Among the features of life that we expect to encounter in historical analyses of the first five or six decades of the 19th century in Ireland is a violent society.
The legal act of defining the ‘employee’ is about drawing lines. Those boundaries are often artificial, legally structured, and forged in an array of contests over power, ideology, and economics. They may be artificial, but they are powerful, demarcating who is in and who is out, who is us and who is them.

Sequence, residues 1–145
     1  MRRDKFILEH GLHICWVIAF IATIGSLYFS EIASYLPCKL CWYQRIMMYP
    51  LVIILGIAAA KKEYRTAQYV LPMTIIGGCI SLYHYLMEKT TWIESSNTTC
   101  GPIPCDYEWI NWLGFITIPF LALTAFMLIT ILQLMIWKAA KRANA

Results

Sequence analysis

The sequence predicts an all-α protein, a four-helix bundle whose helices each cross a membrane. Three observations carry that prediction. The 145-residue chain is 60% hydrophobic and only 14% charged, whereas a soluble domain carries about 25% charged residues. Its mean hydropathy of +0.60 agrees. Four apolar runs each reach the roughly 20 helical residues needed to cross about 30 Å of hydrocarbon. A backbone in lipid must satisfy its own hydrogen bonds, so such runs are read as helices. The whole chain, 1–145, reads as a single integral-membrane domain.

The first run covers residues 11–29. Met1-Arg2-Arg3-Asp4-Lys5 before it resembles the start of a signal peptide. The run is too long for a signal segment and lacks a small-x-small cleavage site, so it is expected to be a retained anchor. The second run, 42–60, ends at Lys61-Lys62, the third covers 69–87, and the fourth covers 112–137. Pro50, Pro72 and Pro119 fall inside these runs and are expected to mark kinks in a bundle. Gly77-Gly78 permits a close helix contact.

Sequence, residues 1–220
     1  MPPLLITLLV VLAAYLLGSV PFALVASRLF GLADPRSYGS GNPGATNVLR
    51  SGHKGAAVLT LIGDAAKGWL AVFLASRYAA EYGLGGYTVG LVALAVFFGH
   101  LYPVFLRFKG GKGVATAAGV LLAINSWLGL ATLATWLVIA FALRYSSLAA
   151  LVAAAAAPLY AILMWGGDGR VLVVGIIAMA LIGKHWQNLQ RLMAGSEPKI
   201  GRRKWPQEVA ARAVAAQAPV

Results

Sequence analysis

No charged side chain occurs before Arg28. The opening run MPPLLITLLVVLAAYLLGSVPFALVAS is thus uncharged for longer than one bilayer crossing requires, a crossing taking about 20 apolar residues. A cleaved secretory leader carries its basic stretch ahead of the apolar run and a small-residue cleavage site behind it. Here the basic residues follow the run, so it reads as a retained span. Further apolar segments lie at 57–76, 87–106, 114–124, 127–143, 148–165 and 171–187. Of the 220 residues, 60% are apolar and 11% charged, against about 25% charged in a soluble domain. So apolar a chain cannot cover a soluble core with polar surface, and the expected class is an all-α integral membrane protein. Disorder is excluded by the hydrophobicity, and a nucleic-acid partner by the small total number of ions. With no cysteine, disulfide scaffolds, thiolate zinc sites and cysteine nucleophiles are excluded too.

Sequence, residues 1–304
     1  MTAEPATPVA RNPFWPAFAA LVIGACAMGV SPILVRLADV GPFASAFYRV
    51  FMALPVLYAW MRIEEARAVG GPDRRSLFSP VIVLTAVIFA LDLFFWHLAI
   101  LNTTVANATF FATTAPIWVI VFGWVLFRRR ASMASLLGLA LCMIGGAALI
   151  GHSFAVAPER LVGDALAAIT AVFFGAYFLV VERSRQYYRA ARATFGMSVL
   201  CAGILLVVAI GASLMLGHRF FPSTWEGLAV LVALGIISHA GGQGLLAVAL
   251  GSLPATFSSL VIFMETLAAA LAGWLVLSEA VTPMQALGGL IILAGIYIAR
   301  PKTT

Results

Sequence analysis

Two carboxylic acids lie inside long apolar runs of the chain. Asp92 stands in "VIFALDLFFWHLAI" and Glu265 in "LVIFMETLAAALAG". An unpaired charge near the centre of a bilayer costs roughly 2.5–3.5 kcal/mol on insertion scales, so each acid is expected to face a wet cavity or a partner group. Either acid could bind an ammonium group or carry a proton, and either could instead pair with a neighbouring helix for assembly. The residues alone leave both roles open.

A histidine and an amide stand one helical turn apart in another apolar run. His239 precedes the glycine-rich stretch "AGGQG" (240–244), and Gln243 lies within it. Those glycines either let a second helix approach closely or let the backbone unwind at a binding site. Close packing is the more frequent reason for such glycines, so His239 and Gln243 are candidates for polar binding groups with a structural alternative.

In this masterful monograph, Alice Rio revisits one of the central questions in the historiography of early medieval Western Europe: how did the transition from slavery to serfdom take place?